tions maintained at the camp. The apparatus for sterilizing the water can be conveniently installed just below the storage reservoir so as to apply the chemical into the main from the intake before the water reaches the Y branch leading to the separate reservoirs. It would be necessary to provide a small structure to shelter the apparatus, also to provide some method of heating it, since, if the temperature of the apparatus drops below 40 degrees F., trouble is apt to be experienced in its operation. It is probable that, if the building is tightly constructed, an oil heater would furnish sufficient heat. The advantages of applying the chlorine at the place indicated are: First, all of the water could be treated at this place; second, the flow of water through this main is practically constant, the excess over consumption being allowed to discharge through an overflow from the reservoir; and, third, the plant would be located near the institution so that it could be easily looked after by a regular employee.

Finally, I would recommend that copies of this report be sent to the Fiscal Supervisor of State Charities, to the board of trustees and superintendent of the institution, to the sanitary supervisor of the district and to the Champlain Realty Company.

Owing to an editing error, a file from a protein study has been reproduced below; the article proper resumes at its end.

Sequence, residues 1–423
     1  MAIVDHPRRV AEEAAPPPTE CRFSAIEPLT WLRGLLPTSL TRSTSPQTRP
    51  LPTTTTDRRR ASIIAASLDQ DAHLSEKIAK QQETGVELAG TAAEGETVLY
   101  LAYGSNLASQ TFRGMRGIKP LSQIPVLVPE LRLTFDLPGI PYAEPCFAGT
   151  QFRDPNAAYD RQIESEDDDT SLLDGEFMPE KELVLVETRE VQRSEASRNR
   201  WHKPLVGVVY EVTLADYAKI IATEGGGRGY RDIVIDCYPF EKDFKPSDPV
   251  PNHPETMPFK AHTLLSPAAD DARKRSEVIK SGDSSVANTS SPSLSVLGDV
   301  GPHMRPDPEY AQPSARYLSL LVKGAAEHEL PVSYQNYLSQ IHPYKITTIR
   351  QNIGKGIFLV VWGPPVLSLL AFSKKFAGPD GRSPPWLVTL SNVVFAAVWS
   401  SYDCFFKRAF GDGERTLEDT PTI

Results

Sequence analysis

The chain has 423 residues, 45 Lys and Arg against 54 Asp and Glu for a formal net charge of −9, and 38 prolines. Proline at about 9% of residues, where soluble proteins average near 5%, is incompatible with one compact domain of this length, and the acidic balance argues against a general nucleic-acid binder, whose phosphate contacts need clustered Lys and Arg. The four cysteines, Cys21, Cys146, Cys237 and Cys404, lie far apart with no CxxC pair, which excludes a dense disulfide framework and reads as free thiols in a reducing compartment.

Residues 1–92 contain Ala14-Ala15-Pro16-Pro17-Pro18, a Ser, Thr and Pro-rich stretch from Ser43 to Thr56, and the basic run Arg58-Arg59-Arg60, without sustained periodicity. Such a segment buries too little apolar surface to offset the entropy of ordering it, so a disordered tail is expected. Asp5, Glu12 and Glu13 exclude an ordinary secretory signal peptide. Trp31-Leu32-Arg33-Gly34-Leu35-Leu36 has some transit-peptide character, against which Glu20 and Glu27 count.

Respectfully submitted,

Chief Engineer ALBANY, N. Y., November 7, 1917

RENSSELAER (Municipal Supply)

HERMANN M. Biggs, M.D., State Commissioner of Health :

I beg to submit the following report on an investigation of the public water supply of Rensselaer, made by Mr. C. M. Baker, assistant engineer, on March 23, 1917.

Rensselaer is a city of 11,210 inhabitants, located on the east bank of the Hudson river, directly across from Albany Municipal and private sewers are provided which discharge without purification into the Hudson river.